Being 7-inch, it is (relatively) easily held in one hand, although the thickness (at 12mm), the weight (around 400g) and the rather boxy shape leave the user preferring portrait mode.
With both Bluetooth and WiFi, the device has most of the connectivity issues solved, but the lack of 3G means you're at the mercy of your own (or leached) wireless 802.11b/g/n connections. The Tegra 2 processor with 1GB RAM and 8GB of flash memory power it along nicely.
Taking a few seconds to boot, the unit has all the expected default apps (ThinkFree Office, Evernote and Amazon's Kindle, to name a few) and a bunch of media playing apps as well.
Looking around the unit, we have a 1280x800 touch screen on the front, along with a 2M pixel video chat camera. On the back is a 5M pixel (with LED flash) for stills and video.
Around the edges we find microSD, mini-USB and micro HDMI sockets under a single protective rubber flap (we're not sure why) along with a power button, headphone jack, volume rocker and button lock.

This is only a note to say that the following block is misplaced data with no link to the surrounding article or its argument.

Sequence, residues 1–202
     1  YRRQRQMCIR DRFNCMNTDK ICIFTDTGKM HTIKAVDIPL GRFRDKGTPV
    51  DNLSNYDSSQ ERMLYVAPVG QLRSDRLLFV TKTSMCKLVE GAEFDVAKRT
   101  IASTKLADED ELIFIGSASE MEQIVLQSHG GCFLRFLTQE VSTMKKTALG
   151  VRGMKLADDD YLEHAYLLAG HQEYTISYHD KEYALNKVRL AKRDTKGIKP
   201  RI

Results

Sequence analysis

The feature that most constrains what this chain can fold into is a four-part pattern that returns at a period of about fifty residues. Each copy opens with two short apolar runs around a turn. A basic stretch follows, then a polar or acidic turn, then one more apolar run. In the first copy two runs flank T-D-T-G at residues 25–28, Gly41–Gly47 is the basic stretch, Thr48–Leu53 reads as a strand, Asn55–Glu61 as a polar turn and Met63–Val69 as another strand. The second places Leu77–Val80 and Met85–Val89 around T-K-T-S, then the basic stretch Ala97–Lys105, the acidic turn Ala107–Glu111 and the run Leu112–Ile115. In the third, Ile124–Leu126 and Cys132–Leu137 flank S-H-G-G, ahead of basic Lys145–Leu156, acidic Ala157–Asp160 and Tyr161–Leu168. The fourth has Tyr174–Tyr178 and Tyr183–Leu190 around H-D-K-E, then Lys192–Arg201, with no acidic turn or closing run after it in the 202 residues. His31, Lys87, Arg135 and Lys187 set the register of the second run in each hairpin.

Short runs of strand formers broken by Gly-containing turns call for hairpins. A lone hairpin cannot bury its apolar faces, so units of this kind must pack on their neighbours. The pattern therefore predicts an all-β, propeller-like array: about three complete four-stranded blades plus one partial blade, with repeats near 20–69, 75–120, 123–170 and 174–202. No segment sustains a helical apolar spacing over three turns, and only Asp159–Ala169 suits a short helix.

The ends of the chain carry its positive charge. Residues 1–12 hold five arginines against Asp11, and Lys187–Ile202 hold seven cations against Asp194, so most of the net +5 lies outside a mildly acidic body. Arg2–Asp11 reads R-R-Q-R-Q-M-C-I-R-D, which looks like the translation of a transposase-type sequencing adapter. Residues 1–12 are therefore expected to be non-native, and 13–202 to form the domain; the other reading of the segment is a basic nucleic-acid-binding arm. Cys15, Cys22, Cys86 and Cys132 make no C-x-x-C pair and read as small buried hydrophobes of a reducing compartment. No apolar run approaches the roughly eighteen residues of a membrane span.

Oh, and the rather bizarre power connector (which doubles as a docking port).
The power-charging cable has a honking big connector at one end (to plug into the power/docking port) and what seems to be a standard USB connector at the other (to plug into the USB-socketed wall-wart). Unfortunately, this connector has no ability to convey data; that will require a (not supplied) standard USB-to-Mini USB cable. In addition, the device cannot charge its battery via the 'normal' USB port.
At $349 (rrp) this is a rather expensive eBook reader, although a 16GB unit for $399 might sweeten the deal a little. On a quick web search, iTWire did not find any significant discounts for either the 8GB or 16GB models.
If someone wants a solid (read-as nearly indestructible) 7-inch tablet computer, the AT1S0 will take some beating. Unfortunately, there are some much better feature-sets out there (potentially with a weaker chassis) which leave the Toshiba a little pale in comparison.